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apex

one of the hallmarks of a really good time, for me, is when i seem to be able to create entertaining stories (well, maybe only entertaining for me) from even the smallest details. there are certain times when i simply feel so energised, so excited, that every individual gesture or image seems to be worth pausing to describe.

i could write an entire entry here simply describing the agonising logistics of my cab ride to the first night of the apex festival in new york, having confused the street address when i tried to go by subway. i could go on about getting dropped off nowhere close to my destination, because the cab driver who picked me up couldn't be bothered to figure out where he was headed and had grown bored trying. and i could further add something on my misadventures trotting around the increasingly abandoned streets of new york in a pair of boots that were decidedly not made for walking, until i found my path blocked by the crater of ground zero, its hazy gloaming haunting the surrounding blocks (no wonder cab drivers don't want to go there). there are dozens of these little vignettes that made up my experience this weekend, each of them potentially a piece of writing on their own.

alternately, i could stick to reporting the facts. i could list off the tracks played in my dj set- the first one i've done in some years and enough to remind me in short order what i once really enjoyed about the experience. i could give reviews of each of the ten performances over the course of the weekend, pausing to reflect on the difficulties of mounting an effective stage show in the power electronics/ dark ambient genre, particularly for performers who rely on digital equipment ("is that band playing or are they checking their email?"). that would inevitably lead to an aside about the powerful intimidation of texas' steel hook prostheses, or the engagingly humourous persona of deutsch nepal.

either of those methods would allow me to communicate something of the weekend i passed in new york, but both would be inadequate. listing off tracks that i played as a dj would not explain the peculiarly gratifying experience of playing for an audience familiar with what i was doing- a first for me. likewise, talking about the jolt of fear that shot through me when a microphone went whizzing past my head and landed, still live, with a gunshot crack a foot away from me would reveal nothing about the murky vocals and the combination of electronics with live processed sounds that made that particular set a high point in the weekend.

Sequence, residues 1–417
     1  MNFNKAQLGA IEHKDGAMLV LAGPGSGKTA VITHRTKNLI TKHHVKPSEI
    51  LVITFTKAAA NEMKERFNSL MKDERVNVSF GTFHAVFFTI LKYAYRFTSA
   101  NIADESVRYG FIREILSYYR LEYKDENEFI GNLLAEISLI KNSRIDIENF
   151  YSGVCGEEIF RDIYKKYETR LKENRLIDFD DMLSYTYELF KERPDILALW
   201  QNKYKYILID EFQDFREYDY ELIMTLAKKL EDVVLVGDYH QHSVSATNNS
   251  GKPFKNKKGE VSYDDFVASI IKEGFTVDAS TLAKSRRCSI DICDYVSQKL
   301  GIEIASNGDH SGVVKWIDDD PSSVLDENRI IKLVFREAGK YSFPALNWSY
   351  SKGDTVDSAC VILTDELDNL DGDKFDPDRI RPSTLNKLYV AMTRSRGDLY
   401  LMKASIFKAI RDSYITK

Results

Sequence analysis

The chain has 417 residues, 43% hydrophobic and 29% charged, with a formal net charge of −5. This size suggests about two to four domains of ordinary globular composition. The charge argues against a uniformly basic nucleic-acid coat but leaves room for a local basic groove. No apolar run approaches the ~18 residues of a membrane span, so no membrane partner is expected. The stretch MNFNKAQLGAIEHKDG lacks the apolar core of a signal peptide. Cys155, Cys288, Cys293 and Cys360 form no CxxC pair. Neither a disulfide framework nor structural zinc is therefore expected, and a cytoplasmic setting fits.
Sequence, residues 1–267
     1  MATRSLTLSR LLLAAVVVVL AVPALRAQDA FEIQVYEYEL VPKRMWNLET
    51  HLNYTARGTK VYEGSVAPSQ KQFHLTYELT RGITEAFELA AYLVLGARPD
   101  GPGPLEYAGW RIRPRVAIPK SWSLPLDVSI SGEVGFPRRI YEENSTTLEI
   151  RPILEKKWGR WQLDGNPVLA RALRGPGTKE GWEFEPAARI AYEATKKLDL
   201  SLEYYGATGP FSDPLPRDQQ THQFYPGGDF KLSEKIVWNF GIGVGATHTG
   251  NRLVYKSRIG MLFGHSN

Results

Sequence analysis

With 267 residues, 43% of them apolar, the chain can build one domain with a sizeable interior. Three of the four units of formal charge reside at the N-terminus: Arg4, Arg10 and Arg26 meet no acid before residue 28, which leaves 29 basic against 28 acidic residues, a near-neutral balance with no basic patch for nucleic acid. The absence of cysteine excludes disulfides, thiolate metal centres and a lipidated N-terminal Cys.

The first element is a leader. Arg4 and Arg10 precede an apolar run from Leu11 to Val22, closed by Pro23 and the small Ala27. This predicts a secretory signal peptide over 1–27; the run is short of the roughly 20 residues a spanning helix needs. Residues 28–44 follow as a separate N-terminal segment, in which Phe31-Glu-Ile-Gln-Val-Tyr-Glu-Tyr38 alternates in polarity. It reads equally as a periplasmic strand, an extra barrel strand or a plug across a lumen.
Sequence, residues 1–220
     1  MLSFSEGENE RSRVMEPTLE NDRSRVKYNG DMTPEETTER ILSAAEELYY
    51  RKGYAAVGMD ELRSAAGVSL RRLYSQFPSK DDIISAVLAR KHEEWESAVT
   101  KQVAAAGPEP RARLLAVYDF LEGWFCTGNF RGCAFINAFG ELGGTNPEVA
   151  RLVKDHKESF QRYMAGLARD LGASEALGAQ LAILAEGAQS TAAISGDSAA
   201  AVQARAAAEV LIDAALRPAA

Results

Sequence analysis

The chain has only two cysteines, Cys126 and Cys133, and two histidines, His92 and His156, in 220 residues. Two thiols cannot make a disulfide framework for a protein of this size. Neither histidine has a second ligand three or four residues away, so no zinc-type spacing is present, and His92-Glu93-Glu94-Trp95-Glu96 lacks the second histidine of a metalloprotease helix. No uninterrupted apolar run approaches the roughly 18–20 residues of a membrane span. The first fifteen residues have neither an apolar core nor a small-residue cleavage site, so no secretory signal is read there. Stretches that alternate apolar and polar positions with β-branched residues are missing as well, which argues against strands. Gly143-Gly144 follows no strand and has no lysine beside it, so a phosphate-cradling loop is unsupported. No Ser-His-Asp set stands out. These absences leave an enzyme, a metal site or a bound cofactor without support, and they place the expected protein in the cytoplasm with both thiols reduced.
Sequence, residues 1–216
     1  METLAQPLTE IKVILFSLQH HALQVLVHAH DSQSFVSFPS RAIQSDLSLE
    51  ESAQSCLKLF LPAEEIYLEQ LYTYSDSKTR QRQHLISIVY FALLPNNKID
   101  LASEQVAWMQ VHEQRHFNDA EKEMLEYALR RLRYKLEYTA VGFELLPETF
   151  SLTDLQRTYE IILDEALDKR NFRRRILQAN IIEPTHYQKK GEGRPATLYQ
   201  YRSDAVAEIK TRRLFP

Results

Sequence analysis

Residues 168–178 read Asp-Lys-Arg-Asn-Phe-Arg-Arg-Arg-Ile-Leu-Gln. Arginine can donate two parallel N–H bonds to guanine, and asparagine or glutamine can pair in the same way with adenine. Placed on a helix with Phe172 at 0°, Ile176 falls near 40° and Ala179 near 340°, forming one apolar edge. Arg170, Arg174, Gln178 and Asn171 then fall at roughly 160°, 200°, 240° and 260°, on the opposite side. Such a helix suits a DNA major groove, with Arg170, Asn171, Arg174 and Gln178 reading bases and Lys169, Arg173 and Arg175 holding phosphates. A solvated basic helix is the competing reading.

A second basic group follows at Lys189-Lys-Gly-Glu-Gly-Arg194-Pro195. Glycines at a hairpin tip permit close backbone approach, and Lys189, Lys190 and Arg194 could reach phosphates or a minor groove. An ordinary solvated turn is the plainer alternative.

of the bands who played- post scriptum, travis morgan, sistrenatus, visions, herbst 9, skincage, steel hook prostheses, land : fire, bain wolfkind and deutsch nepal, there was a surprising variety- i'd heard most of them but seen none. the second night had a particularly good variety of sounds, helping to keep the energy level building throughout. when i look back on it, i'm sort of awestruck at the amount of work involved- work that people like me don't get to see- in putting on something of this magnitude and to have it come off with no major flaws. the success of the larger picture is what kept me energetic and happy enough to observe the details of the proceedings that form my own personal memory bank.

Comments

Michael Begg said…
"is that band playing or are they checking their email?"
I do love that!
After the last show I played with Fovea Hex someone observed "They are a beautiful band but why do they have their accountant on stage"?
If you come up with any answers as to how to make laptop twiddling more physically arresting let me know!
I would suggest using a minicam set up behind the laptop artist, projecting on a screen onstage what he/she is doing... which might take away some of the magic, but it insures that they are not faking it ;)
pelao said…
better set that minicam elsewhere, possibly innardwise...

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